On April 11th the Samsung Galaxy S5 will be released in more than 100 countries around the world. Owners of Samsung’s latest flagship will be able to do something with their new device that they can’t do with any other, authorize PayPal payments using their fingerprints. Apple may have reignited the interest in fingerprint sensors, but its only good for authorizing purchases on iTunes and unlocking the iPhone 5s for now. Galaxy S5 goes above an beyond, being the first commercial implementation of an authorization protocol developed by the FIDO Alliance, which counts Microsoft, Google, Lenovo, BlackBerry, MasterCard and PayPal as members.

To start authorizing PayPal payments using the fingerprint sensor on Galaxy S5, users first have to go through a short setup process. It basically registers the device’s identity based on its cryptographic chip and then links the user’s fingerprint to their PayPal account. Once this is up and running, PayPal only asks for a fingerprint swipe when a payment needs to be authorized. Generally it asks for a log-in, and will continue to do so on devices that don’t support this protocol.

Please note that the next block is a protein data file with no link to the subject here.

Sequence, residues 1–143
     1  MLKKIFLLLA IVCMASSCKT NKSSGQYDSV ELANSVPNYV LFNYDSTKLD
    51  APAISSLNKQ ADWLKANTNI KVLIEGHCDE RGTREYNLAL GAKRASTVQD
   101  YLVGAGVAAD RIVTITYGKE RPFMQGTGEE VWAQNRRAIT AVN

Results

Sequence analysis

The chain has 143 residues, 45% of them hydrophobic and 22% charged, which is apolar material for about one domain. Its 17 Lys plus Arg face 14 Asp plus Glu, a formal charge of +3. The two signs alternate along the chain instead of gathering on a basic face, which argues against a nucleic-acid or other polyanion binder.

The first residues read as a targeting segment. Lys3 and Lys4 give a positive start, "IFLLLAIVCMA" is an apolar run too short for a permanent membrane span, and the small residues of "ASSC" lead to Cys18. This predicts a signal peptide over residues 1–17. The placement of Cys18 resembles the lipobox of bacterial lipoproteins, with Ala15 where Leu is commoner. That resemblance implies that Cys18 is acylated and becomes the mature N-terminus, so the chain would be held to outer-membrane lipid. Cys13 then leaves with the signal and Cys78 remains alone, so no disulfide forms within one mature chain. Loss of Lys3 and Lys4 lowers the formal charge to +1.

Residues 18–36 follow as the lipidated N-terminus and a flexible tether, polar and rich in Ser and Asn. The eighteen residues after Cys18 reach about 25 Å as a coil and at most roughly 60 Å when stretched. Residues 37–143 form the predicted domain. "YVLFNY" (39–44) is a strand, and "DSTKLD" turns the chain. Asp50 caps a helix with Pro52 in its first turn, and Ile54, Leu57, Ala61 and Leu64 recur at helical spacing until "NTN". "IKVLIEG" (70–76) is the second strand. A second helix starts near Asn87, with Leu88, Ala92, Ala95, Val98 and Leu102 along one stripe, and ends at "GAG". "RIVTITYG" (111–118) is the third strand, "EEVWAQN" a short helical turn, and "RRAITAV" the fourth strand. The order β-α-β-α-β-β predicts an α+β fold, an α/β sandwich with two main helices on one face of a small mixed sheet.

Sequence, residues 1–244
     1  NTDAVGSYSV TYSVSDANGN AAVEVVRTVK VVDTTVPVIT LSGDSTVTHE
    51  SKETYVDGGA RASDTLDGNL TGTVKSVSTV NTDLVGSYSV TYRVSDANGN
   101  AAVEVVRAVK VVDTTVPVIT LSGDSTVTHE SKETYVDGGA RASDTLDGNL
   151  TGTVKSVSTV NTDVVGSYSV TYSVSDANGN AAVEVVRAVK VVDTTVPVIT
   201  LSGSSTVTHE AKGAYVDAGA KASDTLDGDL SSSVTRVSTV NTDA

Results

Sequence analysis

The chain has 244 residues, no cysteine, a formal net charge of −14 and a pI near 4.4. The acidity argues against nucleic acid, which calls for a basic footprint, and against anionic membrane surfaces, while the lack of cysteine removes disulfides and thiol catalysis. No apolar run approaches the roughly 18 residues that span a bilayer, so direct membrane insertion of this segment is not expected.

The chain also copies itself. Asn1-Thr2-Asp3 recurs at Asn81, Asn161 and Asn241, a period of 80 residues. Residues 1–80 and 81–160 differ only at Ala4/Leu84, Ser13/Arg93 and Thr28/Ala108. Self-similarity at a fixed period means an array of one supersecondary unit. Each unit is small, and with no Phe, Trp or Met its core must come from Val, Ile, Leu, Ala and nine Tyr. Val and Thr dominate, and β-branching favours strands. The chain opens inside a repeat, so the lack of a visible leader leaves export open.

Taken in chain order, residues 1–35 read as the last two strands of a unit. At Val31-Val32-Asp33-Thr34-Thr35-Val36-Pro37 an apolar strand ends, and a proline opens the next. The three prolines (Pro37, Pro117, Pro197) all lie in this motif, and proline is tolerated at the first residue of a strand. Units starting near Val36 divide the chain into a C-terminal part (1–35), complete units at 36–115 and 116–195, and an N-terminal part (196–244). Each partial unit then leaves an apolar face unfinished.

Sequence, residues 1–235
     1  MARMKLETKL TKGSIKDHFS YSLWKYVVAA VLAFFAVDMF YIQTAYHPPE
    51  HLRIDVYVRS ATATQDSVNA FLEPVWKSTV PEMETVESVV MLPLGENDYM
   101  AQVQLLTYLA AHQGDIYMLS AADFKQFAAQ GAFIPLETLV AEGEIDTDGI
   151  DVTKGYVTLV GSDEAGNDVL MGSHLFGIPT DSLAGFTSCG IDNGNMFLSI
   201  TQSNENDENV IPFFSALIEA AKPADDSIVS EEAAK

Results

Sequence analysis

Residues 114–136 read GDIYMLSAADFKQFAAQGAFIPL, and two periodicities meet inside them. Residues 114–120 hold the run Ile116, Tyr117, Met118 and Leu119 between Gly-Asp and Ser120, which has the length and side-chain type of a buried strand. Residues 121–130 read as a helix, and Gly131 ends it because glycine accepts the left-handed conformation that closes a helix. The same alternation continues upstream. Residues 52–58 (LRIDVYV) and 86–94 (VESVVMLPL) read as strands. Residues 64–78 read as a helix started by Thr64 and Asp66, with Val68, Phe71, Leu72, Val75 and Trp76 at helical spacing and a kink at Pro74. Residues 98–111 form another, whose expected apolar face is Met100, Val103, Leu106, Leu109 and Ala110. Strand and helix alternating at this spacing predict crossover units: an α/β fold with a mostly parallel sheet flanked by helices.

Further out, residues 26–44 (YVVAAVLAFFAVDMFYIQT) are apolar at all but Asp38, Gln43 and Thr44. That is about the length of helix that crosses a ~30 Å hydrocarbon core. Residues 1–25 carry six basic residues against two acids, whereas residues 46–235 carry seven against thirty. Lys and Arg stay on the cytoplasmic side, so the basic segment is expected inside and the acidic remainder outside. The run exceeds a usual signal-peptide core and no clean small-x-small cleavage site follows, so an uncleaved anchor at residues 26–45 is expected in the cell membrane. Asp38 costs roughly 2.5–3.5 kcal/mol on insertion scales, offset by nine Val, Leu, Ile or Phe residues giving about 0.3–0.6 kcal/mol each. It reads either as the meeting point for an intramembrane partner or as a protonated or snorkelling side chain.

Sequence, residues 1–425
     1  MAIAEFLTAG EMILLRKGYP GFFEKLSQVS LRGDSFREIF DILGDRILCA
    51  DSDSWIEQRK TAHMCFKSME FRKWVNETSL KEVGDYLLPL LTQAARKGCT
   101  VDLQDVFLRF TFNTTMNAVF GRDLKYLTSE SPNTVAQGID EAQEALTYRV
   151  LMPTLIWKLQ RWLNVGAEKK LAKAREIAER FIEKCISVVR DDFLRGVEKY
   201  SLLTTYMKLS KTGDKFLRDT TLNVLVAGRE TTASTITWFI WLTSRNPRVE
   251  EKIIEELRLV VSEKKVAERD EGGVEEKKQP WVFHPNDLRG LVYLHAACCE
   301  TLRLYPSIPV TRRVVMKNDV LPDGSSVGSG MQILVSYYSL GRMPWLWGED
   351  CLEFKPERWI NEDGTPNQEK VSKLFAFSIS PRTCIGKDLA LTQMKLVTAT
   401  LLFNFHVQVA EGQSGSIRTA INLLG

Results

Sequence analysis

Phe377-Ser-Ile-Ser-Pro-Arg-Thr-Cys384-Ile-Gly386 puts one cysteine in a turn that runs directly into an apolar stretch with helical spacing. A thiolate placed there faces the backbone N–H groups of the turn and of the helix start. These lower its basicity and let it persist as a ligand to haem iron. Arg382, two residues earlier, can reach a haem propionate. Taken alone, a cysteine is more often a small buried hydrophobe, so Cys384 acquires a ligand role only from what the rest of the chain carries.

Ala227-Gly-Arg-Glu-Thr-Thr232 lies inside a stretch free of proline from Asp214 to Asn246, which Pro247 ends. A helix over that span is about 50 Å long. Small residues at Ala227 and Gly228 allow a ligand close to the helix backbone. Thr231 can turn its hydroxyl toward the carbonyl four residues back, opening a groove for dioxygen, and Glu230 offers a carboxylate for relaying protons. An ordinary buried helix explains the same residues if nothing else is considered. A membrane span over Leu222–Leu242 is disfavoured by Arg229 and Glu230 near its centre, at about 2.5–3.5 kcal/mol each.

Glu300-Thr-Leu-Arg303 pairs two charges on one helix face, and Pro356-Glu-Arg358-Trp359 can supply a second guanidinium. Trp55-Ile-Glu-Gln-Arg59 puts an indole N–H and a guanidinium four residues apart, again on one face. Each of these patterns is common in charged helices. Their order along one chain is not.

The protocol has been designed to never let the fingerprint record leave the device. What it does instead if use the sensor’s output to generate cryptographic keys which are then combined with keys from the device’s cryptographic chip to create a new key. This key can’t be used to copy the fingerprint used to make it.

So far the Galaxy S5 is the only consumer device that supports PayPal’s FIDO-based authorization system. PayPal hasn’t said if there are upcoming devices in the pipeline that will support the system as well.

Filed in Cellphones. Read more about , and .

  • 1920x1080
  • Super AMOLED
  • 432 PPI
16 MP
  • f/2.4 Aperture
2800 mAh
  • Removable
  • No Wireless Charg.
  • Snapdragon 801
  • MicroSD
~$228 - Amazon
145 g
Launched in
Storage (GB)
  • 32
  • 16

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